Skip to main content
Loading...

Featured Post

Tado Thermostat V3+ Review

The Tado smart thermostat (V3+) and remote-control app promise to save up to 30% on your heating and energy bills.
Price When Reviewed
$149.99Tado is a German smart-heating thermostat that cleverly uses your location to determine when to turn down your heating while you're away from home, and then turn it back up again as you return.

Flipboard

Flipboard

2019 INFINITI QX80 Review

The 2019 Infiniti QX80 full-size luxury SUV is aging well, even though it’s still relatively aged.
Big, luxury SUVs like the 2019 Infiniti QX80 feed our macho egos.

It boasts a tall seating position, big V-8, and impressive capabilities. Infiniti knows how to dress an interior too: The big QX80 has more leather and chrome than Harley-Davidson meetup, and we mean that in a good way.


The 2019 Infiniti QX80 earns a 6.4 on our overall scale. Comfort and style take a backseat to fuel efficiency, obvs. 

This year, Infiniti made standard automatic emergency braking on all versions of the QX80. The life-saving technology should give big families peace of mind—some competitors haven’t yet followed suit.

Offered in base or Limited trim levels, the QX80 packs a bevy of luxury features into the big SUV for about $66,500 to start.

Every model gets a hulking V-8 under the hood that makes 400 horsepower and 413 pound-feet of torque, mated to a 7-speed automatic transmission. In addition to lugging the QX80’s colossal mass, the QX80 can tow up to 8,500 pounds when properly equipped.

Rear-wheel drive is standard on base versions, but four-wheel drive will be a popular extra for $3,100 more. (Limiteds get 4WD standard.)

Physics will fight the QX80 around corners, but Infiniti offers a hydraulic body motion control system that can help. Steering is still a chore, however; the big ‘ute handles like a blimp.

The interior of the QX80 helps us forget all that. Three rows of seats are standard, swathed in leather (upgradeable to supple nappa hides), with plenty of room. The third row is power folding on all versions, which opens up the cargo room beyond the 16.6 cubic feet with all three rows in place.

We’d spec a base version with four-wheel drive and active safety features such as blind-spot monitors and adaptive cruise control for about $75,000.

Every QX80 is equipped with 20-inch wheels, power liftgate, power-adjustable heated front seats, leather upholstery, second row captain’s chairs, power-folding third row seats, premium audio by Bose, forward-collision warnings with automatic emergency braking, and an 8.0-inch touchscreen for infotainment with navigation and Bluetooth connectivity. Options packages can add tens of thousands more, but its value falls down compared to newer competitors.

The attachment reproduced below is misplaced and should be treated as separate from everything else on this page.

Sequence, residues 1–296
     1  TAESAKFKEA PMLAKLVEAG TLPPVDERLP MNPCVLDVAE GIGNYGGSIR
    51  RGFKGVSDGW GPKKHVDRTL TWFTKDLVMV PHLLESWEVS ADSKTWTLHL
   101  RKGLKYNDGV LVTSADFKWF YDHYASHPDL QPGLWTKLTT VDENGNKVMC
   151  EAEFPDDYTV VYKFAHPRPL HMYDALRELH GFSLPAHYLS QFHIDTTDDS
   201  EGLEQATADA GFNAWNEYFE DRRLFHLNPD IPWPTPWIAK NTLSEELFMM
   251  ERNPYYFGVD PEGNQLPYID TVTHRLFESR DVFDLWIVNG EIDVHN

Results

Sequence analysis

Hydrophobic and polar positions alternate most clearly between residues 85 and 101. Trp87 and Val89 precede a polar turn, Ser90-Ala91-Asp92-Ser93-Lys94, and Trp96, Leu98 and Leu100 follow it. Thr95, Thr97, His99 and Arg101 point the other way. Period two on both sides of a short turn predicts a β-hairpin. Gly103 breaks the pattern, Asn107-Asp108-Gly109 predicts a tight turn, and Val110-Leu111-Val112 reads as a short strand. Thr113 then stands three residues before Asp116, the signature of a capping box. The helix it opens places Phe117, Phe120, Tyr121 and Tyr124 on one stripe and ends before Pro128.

Styling
Refined and ritzy, the 2019 Infiniti QX80 has aged in ways we wish we all could.
Designers updated the Infiniti QX80 last year with good effect. Gone is the underbite and unnecessary bling, sharp headlights and a better grille took its place.

We like the inside and outside equally, which is how we arrive at our 7 out of 10 score for the 2019 Infiniti QX80’s style.

The most notable improvements happened up front on the QX80. Its nose is less pronounced, and a mesh grille holds a floating badge that classes up the look in ways the prior versions fumbled.

Infiniti ditched the Pep Boys-esque side grilles for a single piece near the front doors. There’s not much style to be found along the sides, which don’t bother to hide the prodigious amount of sheet metal with creases or other light tricks.

In back, the QX80 runs away from its old, bulbous rump. (The Armada still has it, however.) The rear bumper is smaller, and the tailgate gets new lights that look more modern and befitting its price tag.

The interior feels like a quiet study with many impressive leather-bound editions. It’s almost as old—some places have hard plastics that others have since ditched. Dressed in upscale hides with quilted leather, the QX80 doesn’t disappoint in its stately appearance.

Performance
The 2019 Infiniti QX80 blends old-school power with old-school handling for a big luxury SUV.
The 2019 Infiniti QX80 parties like it’s 2006. Instead of fuel-efficient turbocharged engines, hybrid batteries, or transmission trickeration, it’s saddled with a big V-8 and 7-speed automatic that deliver predictable performance.

We don’t have similarly good feelings about its handling. Corralling anything that weighs more than three tons, fully loaded, may require a bullwhip. The QX80 earns a 5 out of 10 for performance.